How to help a child who is worried
Discover tips for reducing children’s nervousness and anxiety.
Children can have worries about many things, from studying for exams at school to worrying about the current events that they see on the TV. There are plenty of things that can occupy a child’s mind. However, whatever is causing a child to feel anxious, there are things we can do to help them onto a more positive path.
Through our work as a children’s charity, we help children and young people all over the world living in some of the harshest conditions. Our community-led child sponsorship schemes mean that, for every sponsored child, we are able to help four more children and ease their worries and the challenges they are experiencing.
In this article, we share a range of tips and advice to implement at home for helping a child who is worried.
How to help a child who is worried
Make sure they have a “safe place”
Ensure your child has a safe environment in which they are comfortable to express themselves. In the home, this can mean making sure they have their own space in their room, even if they share it with a sibling, which they feel ownership over. It can also mean that when they are talking to you, there are no distractions, so turning off TVs and background noise and putting phones away is a must. Helping their home feel like a space where they feel noticed and not drowned out can go a long way towards reducing their worry.
Thanks to the support of donations, we work with vulnerable children around the world and set up Child-Friendly Spaces where children and young people can express themselves through art and play with other children. These safe spaces can be essential for children displaced from their homes and living in refugee camps.
READ MORE: Why Child-Friendly Spaces are vital
Listen actively and talk honestly
Communication will be key to tackling worries. It is essential that you are listening actively and talking honestly. As well as making sure this is done in a safe and distraction-free zone, you should try to take in what a child is telling you and not dismiss it. Although their concerns might seem small and trivial to you, they’ll be impacting them in a large way and should always be treated as important.
While encouraging the child to be open, you should ensure you’re also sharing openly and honestly too. It can be tempting to try and shield our little ones from things we think will upset them, but this can result in them feeling as though you aren’t giving them the full truth and could amplify their concern. Making sure to give honest (but age-appropriate) feedback can be essential in managing their fears.
Give them outlets for self-expression
It's important for children to feel happy and comfortable talking to you about their worries, but it is also important that they have the facilities to work through them alone. This will help them learn emotional regulation skills and can also give them an outlet for self-expression. You can help them access arts and crafts supplies, encourage writing and journaling or sign them up for a sports club.
These outlets can help children deal with their emotions in a healthy way and help them to build their identities in the long term. Introducing these teaches them about the importance of making time for themselves and prioritising their hobbies and “me time”.
READ MORE: The impact of having a pen pal as a child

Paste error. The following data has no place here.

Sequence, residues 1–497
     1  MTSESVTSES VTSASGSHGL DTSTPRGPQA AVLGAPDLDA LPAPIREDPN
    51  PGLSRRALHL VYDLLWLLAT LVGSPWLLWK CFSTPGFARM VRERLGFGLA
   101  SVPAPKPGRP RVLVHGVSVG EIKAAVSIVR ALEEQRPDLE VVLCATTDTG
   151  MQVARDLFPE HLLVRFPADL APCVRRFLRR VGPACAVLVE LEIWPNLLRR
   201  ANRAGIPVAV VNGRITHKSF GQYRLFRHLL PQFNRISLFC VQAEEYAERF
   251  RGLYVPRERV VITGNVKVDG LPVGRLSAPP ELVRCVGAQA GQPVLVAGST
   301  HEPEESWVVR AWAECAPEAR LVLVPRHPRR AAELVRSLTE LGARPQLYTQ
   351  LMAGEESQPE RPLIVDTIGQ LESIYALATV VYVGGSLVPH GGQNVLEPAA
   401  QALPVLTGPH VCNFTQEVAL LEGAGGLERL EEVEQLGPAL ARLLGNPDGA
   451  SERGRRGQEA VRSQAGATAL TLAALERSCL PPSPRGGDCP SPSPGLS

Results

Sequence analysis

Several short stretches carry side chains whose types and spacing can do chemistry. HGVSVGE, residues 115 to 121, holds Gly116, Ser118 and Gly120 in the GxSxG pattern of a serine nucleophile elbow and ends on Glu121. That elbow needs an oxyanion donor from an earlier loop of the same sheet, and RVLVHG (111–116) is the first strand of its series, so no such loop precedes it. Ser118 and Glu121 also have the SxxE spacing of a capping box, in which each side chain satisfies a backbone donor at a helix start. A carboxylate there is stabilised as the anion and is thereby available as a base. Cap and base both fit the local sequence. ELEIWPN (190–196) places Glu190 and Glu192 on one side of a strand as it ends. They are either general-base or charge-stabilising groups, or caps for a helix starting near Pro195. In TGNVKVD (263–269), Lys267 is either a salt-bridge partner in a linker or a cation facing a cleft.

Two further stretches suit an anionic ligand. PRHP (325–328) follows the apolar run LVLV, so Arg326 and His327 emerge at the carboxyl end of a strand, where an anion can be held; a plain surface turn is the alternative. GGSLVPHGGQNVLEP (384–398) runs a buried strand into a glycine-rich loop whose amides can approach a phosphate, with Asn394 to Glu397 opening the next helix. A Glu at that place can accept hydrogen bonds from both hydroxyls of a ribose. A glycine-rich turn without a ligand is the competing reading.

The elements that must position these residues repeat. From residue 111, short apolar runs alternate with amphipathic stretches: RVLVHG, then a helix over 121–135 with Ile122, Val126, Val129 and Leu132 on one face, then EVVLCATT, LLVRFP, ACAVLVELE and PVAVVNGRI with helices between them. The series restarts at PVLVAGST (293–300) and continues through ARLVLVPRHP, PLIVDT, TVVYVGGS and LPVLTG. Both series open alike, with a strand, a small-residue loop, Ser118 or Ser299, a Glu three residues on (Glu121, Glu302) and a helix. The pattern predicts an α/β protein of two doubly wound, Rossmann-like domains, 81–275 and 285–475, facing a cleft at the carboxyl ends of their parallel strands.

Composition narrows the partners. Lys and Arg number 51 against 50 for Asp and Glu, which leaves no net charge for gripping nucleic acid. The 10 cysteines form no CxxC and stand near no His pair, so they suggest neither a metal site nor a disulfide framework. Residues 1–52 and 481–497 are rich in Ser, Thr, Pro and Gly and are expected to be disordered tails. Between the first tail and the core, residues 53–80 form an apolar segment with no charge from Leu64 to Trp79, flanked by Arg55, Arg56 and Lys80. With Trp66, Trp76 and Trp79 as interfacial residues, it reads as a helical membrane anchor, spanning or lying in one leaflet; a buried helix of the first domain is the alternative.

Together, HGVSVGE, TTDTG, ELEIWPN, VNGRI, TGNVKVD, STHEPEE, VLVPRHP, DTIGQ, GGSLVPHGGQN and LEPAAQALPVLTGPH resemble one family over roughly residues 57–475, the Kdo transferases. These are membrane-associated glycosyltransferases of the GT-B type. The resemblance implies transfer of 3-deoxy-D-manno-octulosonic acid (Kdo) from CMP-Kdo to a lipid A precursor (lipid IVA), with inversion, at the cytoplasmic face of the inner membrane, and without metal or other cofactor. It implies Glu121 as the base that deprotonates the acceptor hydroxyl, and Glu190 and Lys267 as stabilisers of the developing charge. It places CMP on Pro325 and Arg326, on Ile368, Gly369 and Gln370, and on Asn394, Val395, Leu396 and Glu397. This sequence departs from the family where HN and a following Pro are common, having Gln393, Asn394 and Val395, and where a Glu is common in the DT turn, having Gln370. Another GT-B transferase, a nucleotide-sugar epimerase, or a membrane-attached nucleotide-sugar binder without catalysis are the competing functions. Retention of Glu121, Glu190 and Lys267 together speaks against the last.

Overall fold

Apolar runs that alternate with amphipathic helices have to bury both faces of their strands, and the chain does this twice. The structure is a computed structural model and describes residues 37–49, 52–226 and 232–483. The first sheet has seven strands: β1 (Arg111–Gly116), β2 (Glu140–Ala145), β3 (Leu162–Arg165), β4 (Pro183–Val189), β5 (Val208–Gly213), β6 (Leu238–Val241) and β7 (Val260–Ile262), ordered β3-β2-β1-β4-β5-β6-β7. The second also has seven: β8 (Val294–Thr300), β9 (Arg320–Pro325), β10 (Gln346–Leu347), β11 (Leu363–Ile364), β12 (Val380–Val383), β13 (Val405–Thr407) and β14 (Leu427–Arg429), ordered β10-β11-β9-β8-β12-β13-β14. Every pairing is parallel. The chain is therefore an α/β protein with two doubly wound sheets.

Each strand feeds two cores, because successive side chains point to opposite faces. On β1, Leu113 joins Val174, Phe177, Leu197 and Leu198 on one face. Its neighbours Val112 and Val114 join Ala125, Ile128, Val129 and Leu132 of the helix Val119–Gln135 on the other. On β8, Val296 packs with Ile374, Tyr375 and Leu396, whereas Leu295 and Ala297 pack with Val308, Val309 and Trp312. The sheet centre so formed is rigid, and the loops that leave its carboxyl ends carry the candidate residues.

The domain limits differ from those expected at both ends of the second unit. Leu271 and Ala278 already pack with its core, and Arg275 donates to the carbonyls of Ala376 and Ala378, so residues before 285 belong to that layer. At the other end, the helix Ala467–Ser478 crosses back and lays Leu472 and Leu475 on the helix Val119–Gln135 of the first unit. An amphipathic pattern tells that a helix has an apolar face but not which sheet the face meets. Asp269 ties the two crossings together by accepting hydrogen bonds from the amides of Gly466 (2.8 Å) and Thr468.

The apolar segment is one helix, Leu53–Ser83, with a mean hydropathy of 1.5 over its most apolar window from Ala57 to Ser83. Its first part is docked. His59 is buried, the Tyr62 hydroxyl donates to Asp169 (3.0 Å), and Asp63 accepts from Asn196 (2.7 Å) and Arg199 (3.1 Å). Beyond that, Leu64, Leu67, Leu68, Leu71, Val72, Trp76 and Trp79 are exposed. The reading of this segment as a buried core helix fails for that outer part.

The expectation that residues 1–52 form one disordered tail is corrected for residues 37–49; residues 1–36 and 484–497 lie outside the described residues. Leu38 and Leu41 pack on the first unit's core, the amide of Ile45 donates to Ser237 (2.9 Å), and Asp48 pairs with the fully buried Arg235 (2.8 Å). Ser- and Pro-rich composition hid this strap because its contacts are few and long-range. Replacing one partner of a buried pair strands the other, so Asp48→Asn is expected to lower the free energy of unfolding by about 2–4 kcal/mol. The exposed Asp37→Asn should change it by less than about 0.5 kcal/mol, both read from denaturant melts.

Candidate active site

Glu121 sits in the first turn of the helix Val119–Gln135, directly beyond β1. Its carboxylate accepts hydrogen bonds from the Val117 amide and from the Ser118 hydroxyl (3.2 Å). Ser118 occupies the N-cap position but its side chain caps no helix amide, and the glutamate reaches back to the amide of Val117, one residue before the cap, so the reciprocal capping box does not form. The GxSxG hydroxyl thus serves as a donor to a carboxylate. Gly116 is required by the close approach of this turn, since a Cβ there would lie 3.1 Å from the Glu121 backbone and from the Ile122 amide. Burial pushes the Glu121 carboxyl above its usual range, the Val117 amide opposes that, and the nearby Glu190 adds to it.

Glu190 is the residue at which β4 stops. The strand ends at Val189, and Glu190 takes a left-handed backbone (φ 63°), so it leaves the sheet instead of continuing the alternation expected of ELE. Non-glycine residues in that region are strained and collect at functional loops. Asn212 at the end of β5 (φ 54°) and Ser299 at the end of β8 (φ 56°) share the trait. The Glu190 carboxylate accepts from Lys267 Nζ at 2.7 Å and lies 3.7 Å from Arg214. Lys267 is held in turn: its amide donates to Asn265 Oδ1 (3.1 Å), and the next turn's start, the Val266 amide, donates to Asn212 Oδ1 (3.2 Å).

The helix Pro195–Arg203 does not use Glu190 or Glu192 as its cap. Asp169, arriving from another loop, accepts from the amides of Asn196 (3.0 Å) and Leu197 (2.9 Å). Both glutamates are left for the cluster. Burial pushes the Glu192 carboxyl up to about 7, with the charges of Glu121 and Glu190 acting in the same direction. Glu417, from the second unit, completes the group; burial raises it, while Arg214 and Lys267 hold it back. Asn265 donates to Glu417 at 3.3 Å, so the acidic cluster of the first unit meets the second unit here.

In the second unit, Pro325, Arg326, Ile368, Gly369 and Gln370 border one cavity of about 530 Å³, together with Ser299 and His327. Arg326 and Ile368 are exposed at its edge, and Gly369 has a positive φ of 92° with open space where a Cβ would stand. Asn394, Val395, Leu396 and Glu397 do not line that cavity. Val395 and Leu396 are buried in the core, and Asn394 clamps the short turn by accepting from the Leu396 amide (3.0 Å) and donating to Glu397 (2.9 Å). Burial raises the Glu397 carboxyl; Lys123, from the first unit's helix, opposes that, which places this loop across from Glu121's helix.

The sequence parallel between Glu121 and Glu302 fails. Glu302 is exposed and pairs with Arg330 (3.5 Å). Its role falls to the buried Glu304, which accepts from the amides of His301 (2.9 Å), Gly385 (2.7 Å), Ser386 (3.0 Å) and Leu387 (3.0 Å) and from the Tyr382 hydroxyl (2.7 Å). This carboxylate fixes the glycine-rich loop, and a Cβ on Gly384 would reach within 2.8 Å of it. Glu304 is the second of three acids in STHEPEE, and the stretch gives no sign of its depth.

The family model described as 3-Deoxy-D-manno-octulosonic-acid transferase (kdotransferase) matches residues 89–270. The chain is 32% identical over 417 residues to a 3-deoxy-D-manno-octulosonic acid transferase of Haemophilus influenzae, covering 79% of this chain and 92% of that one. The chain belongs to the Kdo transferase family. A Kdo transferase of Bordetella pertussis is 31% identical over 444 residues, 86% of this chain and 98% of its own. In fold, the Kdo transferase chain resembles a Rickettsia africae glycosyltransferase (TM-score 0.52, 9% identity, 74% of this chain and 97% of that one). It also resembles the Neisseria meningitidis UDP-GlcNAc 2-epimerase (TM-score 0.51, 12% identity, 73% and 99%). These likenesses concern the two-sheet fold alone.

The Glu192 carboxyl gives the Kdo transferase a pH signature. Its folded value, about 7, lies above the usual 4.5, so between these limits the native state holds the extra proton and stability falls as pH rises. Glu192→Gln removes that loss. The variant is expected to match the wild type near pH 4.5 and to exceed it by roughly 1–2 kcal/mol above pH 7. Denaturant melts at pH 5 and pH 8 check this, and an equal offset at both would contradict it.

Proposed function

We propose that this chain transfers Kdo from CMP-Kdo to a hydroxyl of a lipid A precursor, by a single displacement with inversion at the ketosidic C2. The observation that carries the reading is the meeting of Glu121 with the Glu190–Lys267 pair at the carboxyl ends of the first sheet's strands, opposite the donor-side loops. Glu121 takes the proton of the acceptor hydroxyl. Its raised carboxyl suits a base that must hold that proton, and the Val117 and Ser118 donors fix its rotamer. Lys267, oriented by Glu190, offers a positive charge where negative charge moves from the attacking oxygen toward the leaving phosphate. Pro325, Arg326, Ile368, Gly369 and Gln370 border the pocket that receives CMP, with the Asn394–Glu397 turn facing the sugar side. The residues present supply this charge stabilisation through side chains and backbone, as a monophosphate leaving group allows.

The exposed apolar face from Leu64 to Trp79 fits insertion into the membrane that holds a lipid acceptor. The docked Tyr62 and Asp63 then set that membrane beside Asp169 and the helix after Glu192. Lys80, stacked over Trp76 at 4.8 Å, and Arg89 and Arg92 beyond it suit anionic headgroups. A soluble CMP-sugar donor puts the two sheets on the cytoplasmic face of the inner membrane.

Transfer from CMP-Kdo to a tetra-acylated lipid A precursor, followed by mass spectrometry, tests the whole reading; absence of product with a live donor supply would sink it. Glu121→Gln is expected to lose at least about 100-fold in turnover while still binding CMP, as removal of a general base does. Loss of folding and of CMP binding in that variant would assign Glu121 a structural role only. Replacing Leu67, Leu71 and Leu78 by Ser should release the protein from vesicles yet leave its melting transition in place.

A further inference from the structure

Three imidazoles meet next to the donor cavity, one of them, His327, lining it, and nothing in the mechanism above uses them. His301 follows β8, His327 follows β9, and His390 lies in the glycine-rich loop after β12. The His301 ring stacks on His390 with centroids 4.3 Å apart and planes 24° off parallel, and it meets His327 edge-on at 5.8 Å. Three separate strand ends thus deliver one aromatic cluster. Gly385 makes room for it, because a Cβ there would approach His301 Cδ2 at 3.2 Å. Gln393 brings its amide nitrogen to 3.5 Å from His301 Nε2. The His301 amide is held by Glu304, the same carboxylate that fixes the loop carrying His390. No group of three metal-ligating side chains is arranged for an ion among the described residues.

Routines offer predictability and familiarity for a child who is dealing with worry. When an established routine is in place, a child will feel more in control of their lives, and they’ll feel more secure and more engaged. They’ll be able to understand how their days are going to go, taking the element of surprise from their days.
Having an established bedtime routine is also a very important thing to introduce if you haven’t already. A bedtime routine helps improve a child’s mood and helps with their emotional-behavioural regulation. We all know how rubbish we can feel after a bad night’s sleep, so trying to avoid adding that feeling to a child’s existing anxieties is important.
A modern-day problem that should be considered is whether a child’s access to the internet might be perpetuating their worries or anxiety. For children with their own smartphone or tablet, it can be hard to know how much to monitor usage, but if it feels like it might be affecting their mental health, it can be time to step in.
Depending on the impact their phone is having, you can look at adding time restrictions so that they are only allowed an hour or two a day at a predetermined time. You could also consider removing certain apps that are causing the most issues or even removing the phone altogether.
A child’s worries and anxieties can reach a point where seeking professional help is necessary. When worries are making a normal, day-to-day routine impossible and their wellbeing is being impacted, then looking for outside help is essential.
Setting up a meeting with a mental health professional can give the child space to talk openly and freely with someone who is able to coach them through their feelings in a professional manner. A therapist or counsellor will also be able to identify whether there is an underlying issue that might be either causing or exacerbating feelings of nervousness.
Help children living in worry every day
All children deserve a happy and worry-free life in which they can be a child, but many are living through crises, such as hunger and conflict, which cause every day to be a challenge. Our work means that every 60 seconds, a family gets water, a hungry child is fed, and a family receives the tools to overcome poverty, but we can only do this work with your support.
From a one-time charity donation to buying a charity gift, there are a lot of ways you can help us on our mission. Want to get involved? Sign up for our newsletter to stay updated and learn more about how you can help vulnerable children living the hardest places.